I’ve had better starts to a day – although I suppose I’ve had worse ones too. At least today I didn’t find that I was unexpectedly 15 miles further away from my destination, as sometimes happened on the ocean.
The rain had been unrelenting last night, and I woke up this morning to find that my sleeping bag was sopping wet. I thought I had been so clever to put today’s clothes down my sleeping bag so they wouldn’t be chilly this morning, but instead of being nicely warm they were nicely soaked. Wet biking shorts – mmm, hmmm! There’s a sensation to warm the cockles of your heart – not! But I was at least relieved to find out that my muscles weren’t too sore after yesterday’s exertions.
After my spirits had been somewhat restored by an excellent breakfast, we hit the road again. Today’s target was 66 miles. The rain continued throughout the morning as we pedaled through New Hope (gorgeous, artsy town with a steam train, countless galleries, and allegedly the third largest gay community on the East Coast) and Doylestown, where we stopped for our lunchbreak. I’m really enjoying getting to see parts of the East Coast I’ve never seen before, even though I’ve traveled these states extensively by plane, train and automobile. Bike-touring takes you through places at the perfect pace for taking it all in – as well as having less emissions and less environmental impact.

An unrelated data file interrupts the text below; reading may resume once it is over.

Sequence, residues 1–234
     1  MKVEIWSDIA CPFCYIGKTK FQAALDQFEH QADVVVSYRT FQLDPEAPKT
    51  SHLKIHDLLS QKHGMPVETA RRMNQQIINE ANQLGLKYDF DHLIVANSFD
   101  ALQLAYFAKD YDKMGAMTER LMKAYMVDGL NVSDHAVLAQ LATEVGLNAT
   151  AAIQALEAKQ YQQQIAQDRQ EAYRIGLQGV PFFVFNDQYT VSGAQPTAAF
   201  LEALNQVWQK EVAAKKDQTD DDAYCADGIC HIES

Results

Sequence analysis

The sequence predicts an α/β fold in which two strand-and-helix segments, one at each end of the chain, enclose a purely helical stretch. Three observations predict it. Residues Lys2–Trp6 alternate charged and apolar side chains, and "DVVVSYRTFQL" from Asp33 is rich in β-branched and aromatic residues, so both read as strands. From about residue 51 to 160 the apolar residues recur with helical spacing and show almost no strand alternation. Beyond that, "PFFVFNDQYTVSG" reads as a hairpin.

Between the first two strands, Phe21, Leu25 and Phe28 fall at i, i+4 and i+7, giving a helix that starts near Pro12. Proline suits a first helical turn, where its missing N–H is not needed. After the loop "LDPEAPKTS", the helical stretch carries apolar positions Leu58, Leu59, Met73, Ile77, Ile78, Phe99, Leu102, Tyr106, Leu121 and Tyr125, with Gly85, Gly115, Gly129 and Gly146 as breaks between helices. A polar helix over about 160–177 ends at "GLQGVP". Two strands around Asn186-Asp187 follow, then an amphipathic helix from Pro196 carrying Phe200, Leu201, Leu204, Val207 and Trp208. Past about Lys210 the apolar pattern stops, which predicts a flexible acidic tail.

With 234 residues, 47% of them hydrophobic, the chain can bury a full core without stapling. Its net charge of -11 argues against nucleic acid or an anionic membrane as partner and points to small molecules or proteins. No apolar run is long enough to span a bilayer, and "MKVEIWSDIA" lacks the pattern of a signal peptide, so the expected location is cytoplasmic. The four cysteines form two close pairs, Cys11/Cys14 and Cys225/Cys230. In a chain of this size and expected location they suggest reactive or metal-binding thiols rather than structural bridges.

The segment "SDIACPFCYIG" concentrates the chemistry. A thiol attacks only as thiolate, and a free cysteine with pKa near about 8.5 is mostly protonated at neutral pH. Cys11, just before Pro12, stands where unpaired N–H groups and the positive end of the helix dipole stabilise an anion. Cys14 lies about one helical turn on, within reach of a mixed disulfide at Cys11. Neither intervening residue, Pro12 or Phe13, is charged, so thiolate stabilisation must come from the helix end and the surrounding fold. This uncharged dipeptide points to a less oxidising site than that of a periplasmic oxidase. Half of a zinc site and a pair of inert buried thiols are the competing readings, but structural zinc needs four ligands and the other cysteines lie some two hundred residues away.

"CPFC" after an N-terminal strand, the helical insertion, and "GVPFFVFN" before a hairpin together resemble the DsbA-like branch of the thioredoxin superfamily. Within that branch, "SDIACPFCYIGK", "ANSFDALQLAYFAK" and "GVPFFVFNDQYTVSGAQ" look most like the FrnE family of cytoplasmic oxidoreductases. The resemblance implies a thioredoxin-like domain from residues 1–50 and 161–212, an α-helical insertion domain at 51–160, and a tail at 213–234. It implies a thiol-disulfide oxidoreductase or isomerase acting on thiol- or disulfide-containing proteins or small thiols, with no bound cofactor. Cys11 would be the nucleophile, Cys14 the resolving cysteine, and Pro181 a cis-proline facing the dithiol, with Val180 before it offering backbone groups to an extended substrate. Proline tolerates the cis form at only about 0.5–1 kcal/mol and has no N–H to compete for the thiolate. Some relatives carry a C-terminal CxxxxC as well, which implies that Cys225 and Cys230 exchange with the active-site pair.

I was taken to lunch by Brandon, a fan of the podcast who I had never met before, but had come to Doylestown specially to meet me. Thanks, Brandon, for lunch – and also for the best compliment that anybody can ever pay me, which is that as a result of my blog/podcast/presentation they have now consciously chosen to live a greener life. This really makes me feel that I must be doing something right!
In the afternoon the rain gradually relented – although it couldn’t resist a final hurrah with a sudden and dramatic downpour late afternoon, just as we’d all taken off our waterproofs – and by the time I rather wearily reached the campsite at the YMCA in Valley Forge the evening sun had broken through. I pitched my tent and hung out my sleeping bag to dry.
Tonight we’re listening to a series of speakers – David Kroodsma who rode from San Francisco to the southern tip of South America, Markus talking about a green Germany, and now Alison – an extreme skier who has campaigned on climate change for the last 20 years. Outdoorsy people might have seen her in Warren Miller’s extreme skiing movies. Her presentation is excellent – full of practical tips on how to reduce your carbon footprint based on her own experiences. She very much walks the talk – she lives in an energy-efficient straw bale house she built herself, has quit heli-skiing because of its high CO2 impact, and uses her bicycle to tour between far-flung speaking engagements.
Someone who does extreme sports for the environment – sound familiar?!
Thanks for all the great comments in response to my question about reality vs perception of spreading environmental awareness. I’ve only had time to skim read them (sorry, been busy cycling!) but will take a closer look when I have more time to spend online. I really appreciate all the feedback – all helpful input for my trip to Copenhagen. Thank you!!
Today’s stats: 66 miles, 1965 calories, tons of inspiration!